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Electric and Magnetic Stimulation
of the Heart

Part VII continues the discussion on the second subdivision of bioelectromagnetism, i.e. electro- and magnetobiology, with applications to cardiology. The electric stimulation of cardiac tissue has two very important clinical applications: cardiac pacing and cardiac defibrillation.
The purpose of cardiac pacing is to maintain the heart rate at a sufficient level even though the activity of the sinus node may not reach the ventricular muscle because of an interrupt in the conduction system. Too low a heart rate cannot provide a high enough blood pressure to maintain the body with sufficient oxygen concentration.
The purpose of cardiac defibrillation is to stop continuous and uncontrolled multiple re-entrant activation circuits causing fibrillating muscular contractions. Fibrillation of the ventricular muscle causes a total loss of the blood pumping action and thus leads to a dramatically decreased blood pressure, lack of oxygen in the brain tissue and death, unless the fibrillation can be stopped with a defibrillator within a few minutes.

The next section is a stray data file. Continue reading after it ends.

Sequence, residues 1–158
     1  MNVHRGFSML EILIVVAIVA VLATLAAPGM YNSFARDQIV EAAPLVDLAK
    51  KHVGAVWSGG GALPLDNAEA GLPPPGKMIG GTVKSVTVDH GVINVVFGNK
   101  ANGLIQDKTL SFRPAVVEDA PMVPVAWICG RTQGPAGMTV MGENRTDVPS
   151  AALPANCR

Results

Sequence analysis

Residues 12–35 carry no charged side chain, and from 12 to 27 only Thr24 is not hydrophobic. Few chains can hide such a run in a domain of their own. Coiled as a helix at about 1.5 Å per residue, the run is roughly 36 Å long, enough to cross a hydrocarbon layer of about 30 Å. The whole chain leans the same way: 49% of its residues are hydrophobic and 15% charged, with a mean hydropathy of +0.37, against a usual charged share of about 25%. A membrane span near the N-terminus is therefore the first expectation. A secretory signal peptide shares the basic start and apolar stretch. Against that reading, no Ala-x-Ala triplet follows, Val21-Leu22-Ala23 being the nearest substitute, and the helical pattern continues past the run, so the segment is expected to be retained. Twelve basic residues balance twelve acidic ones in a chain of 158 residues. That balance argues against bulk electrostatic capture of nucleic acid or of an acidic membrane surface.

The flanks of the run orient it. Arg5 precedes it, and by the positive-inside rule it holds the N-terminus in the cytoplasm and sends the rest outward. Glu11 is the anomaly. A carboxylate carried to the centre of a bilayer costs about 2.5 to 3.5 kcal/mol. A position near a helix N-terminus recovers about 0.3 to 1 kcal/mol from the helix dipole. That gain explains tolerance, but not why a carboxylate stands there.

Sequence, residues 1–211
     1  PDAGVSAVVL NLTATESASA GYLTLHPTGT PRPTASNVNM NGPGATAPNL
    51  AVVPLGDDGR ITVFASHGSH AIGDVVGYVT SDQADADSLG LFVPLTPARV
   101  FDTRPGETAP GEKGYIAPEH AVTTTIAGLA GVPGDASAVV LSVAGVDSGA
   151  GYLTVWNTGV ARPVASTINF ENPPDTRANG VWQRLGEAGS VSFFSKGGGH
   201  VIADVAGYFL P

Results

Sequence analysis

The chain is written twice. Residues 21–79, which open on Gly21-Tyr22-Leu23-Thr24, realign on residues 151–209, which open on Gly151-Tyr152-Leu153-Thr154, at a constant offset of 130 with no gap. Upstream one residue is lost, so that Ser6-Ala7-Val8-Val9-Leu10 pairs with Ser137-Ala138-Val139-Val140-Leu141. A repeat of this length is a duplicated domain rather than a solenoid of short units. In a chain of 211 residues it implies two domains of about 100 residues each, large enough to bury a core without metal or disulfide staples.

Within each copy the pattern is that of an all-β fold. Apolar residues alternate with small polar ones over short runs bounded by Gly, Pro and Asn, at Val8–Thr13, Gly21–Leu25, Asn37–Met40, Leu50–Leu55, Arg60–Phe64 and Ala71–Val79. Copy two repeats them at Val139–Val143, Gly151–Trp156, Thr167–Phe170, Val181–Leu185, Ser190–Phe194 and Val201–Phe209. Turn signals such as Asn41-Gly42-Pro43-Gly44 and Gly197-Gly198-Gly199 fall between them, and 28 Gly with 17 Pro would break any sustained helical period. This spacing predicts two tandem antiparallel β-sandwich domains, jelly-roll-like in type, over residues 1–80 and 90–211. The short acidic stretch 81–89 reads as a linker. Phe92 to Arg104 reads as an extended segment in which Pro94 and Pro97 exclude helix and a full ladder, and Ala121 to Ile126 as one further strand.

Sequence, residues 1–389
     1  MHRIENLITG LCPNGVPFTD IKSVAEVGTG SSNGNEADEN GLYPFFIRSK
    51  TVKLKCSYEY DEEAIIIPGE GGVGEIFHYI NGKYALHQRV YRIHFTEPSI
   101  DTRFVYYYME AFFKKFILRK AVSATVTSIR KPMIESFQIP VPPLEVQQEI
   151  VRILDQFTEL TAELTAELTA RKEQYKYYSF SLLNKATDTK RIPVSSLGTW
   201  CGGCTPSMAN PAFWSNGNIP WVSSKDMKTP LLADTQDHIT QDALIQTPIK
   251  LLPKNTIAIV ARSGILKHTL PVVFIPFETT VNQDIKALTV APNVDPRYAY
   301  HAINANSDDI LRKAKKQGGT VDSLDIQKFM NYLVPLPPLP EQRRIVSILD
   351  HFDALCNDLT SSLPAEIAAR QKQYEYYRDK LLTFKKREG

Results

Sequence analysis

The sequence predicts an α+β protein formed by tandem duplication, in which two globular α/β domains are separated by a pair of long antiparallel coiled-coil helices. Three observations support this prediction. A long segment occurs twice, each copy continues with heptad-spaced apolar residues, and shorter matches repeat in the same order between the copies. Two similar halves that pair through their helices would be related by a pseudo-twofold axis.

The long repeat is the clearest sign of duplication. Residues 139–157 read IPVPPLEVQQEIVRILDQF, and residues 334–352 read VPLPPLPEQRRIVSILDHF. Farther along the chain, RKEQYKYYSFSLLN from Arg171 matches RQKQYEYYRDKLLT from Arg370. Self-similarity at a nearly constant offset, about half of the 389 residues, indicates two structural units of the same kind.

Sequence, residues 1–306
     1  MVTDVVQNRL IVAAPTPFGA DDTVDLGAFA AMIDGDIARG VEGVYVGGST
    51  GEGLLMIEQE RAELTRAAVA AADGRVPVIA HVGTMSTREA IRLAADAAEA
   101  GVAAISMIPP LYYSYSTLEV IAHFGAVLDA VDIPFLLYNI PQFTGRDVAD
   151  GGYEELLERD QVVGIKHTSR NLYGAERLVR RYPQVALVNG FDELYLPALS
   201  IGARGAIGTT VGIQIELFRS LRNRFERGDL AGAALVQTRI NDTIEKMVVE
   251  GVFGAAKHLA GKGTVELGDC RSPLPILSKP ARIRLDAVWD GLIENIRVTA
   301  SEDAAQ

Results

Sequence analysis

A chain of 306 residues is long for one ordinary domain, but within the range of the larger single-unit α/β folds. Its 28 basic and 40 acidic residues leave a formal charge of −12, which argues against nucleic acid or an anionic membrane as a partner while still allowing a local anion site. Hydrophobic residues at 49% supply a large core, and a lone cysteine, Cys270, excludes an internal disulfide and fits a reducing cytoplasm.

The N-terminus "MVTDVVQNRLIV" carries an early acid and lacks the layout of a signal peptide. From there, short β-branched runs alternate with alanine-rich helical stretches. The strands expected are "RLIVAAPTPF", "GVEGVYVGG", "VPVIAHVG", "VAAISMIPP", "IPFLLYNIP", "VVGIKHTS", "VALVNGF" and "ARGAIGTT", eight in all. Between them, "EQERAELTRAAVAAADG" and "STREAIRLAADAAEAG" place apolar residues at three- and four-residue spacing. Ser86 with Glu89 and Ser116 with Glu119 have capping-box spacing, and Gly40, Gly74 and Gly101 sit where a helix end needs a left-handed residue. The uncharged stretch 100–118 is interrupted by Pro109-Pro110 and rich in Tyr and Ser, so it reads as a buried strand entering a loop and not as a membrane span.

In clinical practice, both cardiac pacing and cardiac defibrillation are achieved solely with electric methods. Some experiments in accomplishing these with magnetic stimulation have been perfotmed. They are, however, so limited that a separate chapter on magnetic stimulation of the heart muscle is not included but these experiments are referred to in the appropriate chapters on (electric) cardiac pacing and defibrillation.

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